The Sky So Heavy
University of Queensland Press
Copy courtesy of the publisher
Fin is just an ordinary teenager – coping with his parent’s separation and his father’s subsequent remarriage, struggling his way through high school and crushing on one of the most sophisticated girls in his class, trying to get her to notice him. They study for history together but Fin would definitely like more than that.
But then one day changes everything. A nearby country was supposed to be testing nuclear weapons only they turned them on neighbouring countries, almost obliterating some off the map. Australia is greatly affected by the fallout – the electricity and phones fail rendering most people clueless as to what’s going on. It’s dark, freezing cold and snow is falling. His father, who left to follow his new wife after a family argument, has not returned by the next day. Fin and his younger brother Max are alone. The small amount of warning he was given by his mother that something had gone wrong had allowed him to stock up on some cans of food and fill containers with water. They have enough to get by – for now.
But there is no sign of things improving. The local supermarket shuts its doors when the owner realises that there are no supply trucks coming through. Fin realises that he is going to have to ration what they have to get by. They face angry neighbours and even an irate police officer, who tries to steal what food they have left. Teaming up with a boy from his school, Fin knows they have to leave their area in the Blue Mountains and try and make it to the inner-city where his mother is. She’ll have the answers, she’ll have information and she’ll be able to help him. They also take Fin’s crush Lucy at the request of her mother who sees their trip as Lucy’s best chance for survival.
But making it to the city isn’t going to be easy – especially when the little group discover that there is now a divide. The haves and the have nots. And to get through they’re going to have to break some rules.
The Sky So Heavy is a post-apocalyptic novel set in the lower Blue Mountains in NSW. The main character is Fin, a relatively normal high school boy who finds himself thrust into a very non-normal situation when a nearby country mess up their nuclear testing either by accident or design. They not only utterly destroy nations closer to them but the nuclear fallout has an immediate and devastating affect on Australia as well. Fin is left in a position of responsibility over his younger brother Max when he is separated from adults and he has to assume a sort of parental role over him, working to make sure that he’d kept fed, warm and also relatively calm. Max is only 12 and this situation is devastating for anyone but for the younger, the lack of authority makes it even more confusing.
This is a surprisingly realistic book. It’s not too far to stretch that there is a country who might want to test nuclear weapons although the specific country isn’t named in this book. When the temperatures drop and it begins to snow and the power and phone fails, Fin realises that out in the burbs and beyond, they seem to have been forgotten. They get one army drop of food and then that’s it – they’re on their own. No supply trucks are coming through and when Fin decides to attempt to get to his mother in Sydney, they get to a checkpoint where they realise that people aren’t being allowed in unless they carry ID that states they’re residents of the metropolitan area. The city is being ‘saved’ in a way – but the rest of the state is not. The decision has been made to sacrifice many in order to potentially save some.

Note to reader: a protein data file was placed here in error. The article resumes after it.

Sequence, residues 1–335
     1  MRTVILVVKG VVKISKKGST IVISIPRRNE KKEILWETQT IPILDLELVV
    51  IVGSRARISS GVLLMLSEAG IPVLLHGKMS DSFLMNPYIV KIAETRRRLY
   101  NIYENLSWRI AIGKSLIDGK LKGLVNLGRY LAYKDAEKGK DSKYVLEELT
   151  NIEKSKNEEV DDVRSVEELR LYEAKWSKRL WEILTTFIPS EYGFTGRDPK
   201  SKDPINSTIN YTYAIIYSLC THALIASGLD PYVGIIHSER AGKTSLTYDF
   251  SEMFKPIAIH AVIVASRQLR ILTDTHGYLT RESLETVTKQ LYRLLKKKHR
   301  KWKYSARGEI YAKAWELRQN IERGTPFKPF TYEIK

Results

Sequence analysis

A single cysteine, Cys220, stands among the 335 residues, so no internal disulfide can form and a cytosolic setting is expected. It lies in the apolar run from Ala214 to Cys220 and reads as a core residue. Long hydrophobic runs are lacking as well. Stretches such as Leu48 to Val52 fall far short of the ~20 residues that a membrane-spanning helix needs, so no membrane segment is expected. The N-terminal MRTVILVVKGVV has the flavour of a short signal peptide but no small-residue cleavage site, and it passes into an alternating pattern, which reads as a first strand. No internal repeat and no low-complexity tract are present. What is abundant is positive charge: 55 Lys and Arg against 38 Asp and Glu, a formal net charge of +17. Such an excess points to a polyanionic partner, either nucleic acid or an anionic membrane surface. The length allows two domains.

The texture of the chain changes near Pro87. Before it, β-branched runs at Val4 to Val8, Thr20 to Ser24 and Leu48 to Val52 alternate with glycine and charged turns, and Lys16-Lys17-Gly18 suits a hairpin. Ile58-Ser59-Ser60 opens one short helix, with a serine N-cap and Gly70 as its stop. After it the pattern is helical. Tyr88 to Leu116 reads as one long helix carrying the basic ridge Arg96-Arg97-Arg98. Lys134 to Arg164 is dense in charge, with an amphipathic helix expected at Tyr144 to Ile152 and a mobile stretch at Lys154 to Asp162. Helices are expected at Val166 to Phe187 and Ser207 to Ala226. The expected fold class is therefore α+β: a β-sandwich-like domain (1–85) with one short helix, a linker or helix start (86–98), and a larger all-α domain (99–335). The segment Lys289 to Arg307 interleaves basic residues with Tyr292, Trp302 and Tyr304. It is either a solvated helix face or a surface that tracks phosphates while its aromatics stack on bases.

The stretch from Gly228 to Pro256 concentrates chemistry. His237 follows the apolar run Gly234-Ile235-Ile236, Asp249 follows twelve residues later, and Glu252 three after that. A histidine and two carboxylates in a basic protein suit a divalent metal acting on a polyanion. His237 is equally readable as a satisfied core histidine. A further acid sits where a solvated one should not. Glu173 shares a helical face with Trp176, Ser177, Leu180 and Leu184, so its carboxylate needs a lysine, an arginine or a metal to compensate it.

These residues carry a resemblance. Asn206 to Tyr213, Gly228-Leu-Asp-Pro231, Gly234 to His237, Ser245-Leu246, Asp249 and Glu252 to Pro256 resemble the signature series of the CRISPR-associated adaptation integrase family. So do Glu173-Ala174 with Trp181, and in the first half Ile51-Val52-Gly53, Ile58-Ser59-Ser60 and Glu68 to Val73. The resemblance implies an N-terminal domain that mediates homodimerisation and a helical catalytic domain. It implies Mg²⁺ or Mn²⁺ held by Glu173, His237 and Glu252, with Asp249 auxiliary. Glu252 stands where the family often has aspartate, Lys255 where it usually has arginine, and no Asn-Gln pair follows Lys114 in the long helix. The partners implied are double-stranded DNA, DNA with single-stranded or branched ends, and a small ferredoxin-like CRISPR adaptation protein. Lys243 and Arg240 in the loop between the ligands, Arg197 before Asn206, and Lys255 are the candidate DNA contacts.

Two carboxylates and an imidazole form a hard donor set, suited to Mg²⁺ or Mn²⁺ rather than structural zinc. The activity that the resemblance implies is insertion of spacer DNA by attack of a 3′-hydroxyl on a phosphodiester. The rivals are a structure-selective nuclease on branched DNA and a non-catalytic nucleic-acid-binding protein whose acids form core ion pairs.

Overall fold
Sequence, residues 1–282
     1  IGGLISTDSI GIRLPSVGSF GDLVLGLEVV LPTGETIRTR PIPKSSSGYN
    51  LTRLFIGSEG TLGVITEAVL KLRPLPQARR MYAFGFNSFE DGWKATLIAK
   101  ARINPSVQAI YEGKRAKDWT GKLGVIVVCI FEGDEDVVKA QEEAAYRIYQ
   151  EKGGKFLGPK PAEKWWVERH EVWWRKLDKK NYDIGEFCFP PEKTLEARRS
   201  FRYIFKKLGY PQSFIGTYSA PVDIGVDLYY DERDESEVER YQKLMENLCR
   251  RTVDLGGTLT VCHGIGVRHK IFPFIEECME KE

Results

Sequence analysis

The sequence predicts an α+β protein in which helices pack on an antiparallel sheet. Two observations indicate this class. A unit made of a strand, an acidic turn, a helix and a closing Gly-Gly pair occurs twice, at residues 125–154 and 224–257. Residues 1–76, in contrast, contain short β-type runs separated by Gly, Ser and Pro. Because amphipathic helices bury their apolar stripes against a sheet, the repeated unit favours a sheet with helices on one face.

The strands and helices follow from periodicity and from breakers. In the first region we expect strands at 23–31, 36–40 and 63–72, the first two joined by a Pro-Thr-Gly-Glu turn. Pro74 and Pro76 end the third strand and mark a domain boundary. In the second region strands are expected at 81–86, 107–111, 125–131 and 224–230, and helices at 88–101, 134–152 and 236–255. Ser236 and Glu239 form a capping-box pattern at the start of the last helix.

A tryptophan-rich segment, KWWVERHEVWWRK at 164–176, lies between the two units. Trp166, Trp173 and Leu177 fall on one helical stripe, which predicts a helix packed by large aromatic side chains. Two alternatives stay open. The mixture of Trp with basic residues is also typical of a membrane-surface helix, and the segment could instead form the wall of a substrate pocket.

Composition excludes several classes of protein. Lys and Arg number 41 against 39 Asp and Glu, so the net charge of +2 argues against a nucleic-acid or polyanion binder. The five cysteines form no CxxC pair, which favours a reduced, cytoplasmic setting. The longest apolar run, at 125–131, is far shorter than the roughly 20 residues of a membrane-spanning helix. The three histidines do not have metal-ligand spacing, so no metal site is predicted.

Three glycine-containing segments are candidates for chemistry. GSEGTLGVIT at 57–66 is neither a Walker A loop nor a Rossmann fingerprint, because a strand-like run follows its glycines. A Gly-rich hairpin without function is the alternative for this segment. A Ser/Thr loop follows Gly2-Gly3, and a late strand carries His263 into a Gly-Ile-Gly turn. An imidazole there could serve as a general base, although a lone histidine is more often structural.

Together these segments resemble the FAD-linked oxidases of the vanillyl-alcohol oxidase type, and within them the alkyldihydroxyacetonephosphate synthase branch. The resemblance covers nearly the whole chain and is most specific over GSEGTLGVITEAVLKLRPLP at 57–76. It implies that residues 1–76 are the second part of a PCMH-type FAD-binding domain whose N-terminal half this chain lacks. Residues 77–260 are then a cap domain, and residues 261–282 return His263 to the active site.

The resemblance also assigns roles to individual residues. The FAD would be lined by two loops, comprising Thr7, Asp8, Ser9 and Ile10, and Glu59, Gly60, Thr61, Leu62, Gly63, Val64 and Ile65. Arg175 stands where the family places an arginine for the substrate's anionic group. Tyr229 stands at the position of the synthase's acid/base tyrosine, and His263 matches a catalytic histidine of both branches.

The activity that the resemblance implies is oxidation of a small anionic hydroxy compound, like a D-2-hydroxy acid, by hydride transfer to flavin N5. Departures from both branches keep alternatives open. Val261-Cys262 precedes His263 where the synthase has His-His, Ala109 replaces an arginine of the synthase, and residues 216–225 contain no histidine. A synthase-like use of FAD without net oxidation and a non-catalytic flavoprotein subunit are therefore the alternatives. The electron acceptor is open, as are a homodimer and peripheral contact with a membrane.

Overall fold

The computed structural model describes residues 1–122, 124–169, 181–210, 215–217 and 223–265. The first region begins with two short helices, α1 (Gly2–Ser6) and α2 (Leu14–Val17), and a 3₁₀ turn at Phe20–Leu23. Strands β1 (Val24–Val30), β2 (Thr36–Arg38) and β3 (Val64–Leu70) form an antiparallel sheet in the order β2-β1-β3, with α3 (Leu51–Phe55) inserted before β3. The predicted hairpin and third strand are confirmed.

For his trek into the city, Fin has teamed up with Noll, a boy from his school who was outcast presumably for being the only Asian kid around, and Lucy his crush as well as his younger brother. Although they encounter the odd difficulty along the way, it does seem to be relatively easy for them to get where they need to go – there aren’t other cars on the roads and what threats they do encounter, they can see off. This bit felt a bit unrealistic as essentially they’re just a bunch of kids in an environment that would’ve gone borderline feral, survival of the fittest. However the core character’s personalities felt realistic and authentic. Fin was a still a kid really and his solution when his father disappeared and didn’t return was ‘find our mother and get to her. She’ll fix this’ which is I think, what most kids would think. They need to be told what to do, what is happening. The fact that there was no power, so no radio, television or internet and no newspapers making their way through was eerie. It’s very difficult to imagine a world in crisis where you can’t actually find out any information about what’s happening where. We are so reliant on technology these days.
I like to think in a similar situation I’d be inside the zone but in reality, I’m on the other side of the West Gate Bridge in Melbourne, which would be a perfect place for a checkpoint. So I’d be outside of it. I thought this book carried an interesting message about the decisions that people who are in charge have to make, difficult decisions that don’t sit well with them but need to be made and enforced nonetheless. It brought up some very uncomfortable hypothetical situations in my head about what various people in power in this country might do in such a situation. I wasn’t sure I liked the answers anymore than Fin did.
This is a clever, well written book that makes it all too easy for the reader to put themselves in Fin’s shoes and think about what they’d do, how they’d react. How far would you go to be able to get to someone you thought could help you? How far would you go to save someone you cared about? It’s a fantastical story and yet far more relevant than I’d like right now.
The Sky So Heavy is book #83 of the Australian Women Writer’s Challenge 2013